Arteta needs to get them on the training ground tomorrow, he needs to tell them that they have done so great all season, but now is not the time to be messing around like we did yesterday. We need to see more from these players from a mental perspective and we need them to show they can handle the pressure of the final weeks of the season. That’s the big question that everyone will be putting out there this week.

A word on the absentees yesterday. Tierney came in and in the first half made a couple of misplaced passes that you probably get from somebody who is a little rusty. But other than that I thought he did ok. He got forward well and created a good chance when he put the ball across the goal for Jesus to almost get on the end of. But he isn’t Zinchenko, he doesn’t give the same midfield security that Zinchenko does and it showed. Holding too showed the difference between our first choice and our reserves. Antonio bullied him all game and whilst the goals weren’t Holding’s fault, you could see in general play the difference that having Saliba in defence brings. He will travel with the ball, he will play progressive passes that work and just by being on the field he will give more comfort to other defenders. There was a few times in the match where Holding had the ball and West Ham backed off and let him travel with it; he was not going to hurt them, so they let him have it and he slowed it down to walking pace. That’s the difference. Maybe we can survive Southampton at home without Saliba, but if he’s not back for Man City, it will have a massive bearing on our ability to get anything out of that game.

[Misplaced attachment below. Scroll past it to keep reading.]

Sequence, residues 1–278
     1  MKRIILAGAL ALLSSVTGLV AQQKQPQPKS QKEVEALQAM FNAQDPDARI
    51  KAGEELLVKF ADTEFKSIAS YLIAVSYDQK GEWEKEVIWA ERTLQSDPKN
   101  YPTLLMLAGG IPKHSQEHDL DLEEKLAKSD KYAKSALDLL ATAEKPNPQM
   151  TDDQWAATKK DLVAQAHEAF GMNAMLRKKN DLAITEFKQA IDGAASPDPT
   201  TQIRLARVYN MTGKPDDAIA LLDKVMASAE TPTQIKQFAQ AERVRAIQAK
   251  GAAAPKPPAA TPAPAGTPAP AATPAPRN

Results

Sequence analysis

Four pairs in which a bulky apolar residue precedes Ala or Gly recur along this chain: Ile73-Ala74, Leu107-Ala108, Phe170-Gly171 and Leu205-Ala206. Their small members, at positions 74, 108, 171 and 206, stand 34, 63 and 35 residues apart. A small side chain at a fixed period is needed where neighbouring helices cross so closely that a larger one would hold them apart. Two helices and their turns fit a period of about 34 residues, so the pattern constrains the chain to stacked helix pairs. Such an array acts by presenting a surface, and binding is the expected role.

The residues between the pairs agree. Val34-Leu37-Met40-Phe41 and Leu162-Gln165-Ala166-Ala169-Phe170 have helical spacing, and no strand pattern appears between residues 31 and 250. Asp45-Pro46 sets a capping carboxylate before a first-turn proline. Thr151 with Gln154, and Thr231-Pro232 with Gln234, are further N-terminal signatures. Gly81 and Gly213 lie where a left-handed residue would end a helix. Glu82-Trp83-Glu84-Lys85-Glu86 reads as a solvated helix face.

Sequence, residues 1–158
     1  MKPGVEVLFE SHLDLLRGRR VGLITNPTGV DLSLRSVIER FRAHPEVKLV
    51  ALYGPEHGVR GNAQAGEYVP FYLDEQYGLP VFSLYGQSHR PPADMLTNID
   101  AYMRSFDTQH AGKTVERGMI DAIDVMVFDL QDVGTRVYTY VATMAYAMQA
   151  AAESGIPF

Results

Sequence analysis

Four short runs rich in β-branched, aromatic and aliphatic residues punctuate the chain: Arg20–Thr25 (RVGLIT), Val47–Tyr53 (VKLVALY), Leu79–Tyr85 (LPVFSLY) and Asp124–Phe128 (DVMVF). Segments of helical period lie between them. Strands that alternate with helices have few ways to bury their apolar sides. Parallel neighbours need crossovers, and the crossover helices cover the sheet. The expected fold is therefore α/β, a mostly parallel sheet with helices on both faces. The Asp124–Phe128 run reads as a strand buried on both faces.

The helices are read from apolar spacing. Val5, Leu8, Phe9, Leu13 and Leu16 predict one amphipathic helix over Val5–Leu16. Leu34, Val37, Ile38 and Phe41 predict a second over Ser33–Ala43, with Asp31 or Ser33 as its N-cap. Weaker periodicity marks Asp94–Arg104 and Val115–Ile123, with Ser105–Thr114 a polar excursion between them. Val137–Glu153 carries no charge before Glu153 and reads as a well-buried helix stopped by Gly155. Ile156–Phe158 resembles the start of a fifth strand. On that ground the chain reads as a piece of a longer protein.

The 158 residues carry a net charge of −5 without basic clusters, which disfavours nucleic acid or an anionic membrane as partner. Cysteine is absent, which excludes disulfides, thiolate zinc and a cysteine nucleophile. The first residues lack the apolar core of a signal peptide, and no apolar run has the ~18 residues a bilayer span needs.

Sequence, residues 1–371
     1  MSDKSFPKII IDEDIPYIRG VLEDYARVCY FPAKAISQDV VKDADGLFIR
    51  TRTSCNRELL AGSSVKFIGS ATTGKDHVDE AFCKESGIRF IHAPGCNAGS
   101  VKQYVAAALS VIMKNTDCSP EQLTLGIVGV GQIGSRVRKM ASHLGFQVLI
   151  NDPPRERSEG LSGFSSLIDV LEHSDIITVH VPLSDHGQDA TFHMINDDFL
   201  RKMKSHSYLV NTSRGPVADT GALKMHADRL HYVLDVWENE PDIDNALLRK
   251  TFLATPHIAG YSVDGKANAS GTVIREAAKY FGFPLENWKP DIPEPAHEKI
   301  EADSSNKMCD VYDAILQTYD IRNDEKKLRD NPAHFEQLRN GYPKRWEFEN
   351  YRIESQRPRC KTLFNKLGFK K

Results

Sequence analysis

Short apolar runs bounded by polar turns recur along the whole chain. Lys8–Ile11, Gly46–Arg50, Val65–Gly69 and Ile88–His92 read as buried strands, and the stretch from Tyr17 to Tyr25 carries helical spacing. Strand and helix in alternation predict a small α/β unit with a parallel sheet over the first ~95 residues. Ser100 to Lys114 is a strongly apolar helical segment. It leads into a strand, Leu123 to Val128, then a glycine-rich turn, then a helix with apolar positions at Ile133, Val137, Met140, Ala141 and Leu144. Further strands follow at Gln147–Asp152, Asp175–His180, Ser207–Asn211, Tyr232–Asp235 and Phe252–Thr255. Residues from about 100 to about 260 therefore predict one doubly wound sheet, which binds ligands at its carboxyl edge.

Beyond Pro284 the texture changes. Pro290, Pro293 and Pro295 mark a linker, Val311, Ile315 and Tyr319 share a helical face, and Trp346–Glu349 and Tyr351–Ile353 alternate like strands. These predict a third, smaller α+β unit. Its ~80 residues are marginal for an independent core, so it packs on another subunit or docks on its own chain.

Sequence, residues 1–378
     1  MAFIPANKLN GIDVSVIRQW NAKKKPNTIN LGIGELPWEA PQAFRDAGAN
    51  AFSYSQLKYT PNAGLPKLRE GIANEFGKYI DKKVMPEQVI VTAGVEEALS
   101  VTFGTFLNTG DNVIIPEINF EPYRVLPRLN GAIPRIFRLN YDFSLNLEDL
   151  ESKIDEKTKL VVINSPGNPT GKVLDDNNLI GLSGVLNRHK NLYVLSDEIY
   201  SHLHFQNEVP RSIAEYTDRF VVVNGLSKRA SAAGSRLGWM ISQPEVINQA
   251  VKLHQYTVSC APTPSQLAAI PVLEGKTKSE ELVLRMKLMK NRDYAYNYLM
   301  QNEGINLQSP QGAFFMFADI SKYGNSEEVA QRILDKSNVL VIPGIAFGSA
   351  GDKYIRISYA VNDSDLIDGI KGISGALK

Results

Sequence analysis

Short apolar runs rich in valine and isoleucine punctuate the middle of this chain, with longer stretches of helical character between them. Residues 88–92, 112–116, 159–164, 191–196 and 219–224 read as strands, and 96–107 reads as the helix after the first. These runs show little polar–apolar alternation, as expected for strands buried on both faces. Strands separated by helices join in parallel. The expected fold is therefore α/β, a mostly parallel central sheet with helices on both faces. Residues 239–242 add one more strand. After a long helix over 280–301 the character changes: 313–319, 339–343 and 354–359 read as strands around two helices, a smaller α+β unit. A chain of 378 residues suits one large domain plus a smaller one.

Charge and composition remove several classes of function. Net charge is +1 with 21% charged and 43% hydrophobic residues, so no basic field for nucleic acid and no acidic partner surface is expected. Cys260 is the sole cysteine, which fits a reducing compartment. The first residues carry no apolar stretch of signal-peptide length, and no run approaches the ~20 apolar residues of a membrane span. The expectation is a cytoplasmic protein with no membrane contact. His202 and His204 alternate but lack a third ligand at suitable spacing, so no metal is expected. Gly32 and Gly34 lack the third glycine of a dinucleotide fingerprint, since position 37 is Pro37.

Right, I’ll leave it there for today, and be back tomorrow with some more thoughts. Have a good’un.

P.S. if you want a little more catharsis we did the pod last night on some post-match reflections. Have a watch here if you’re interested.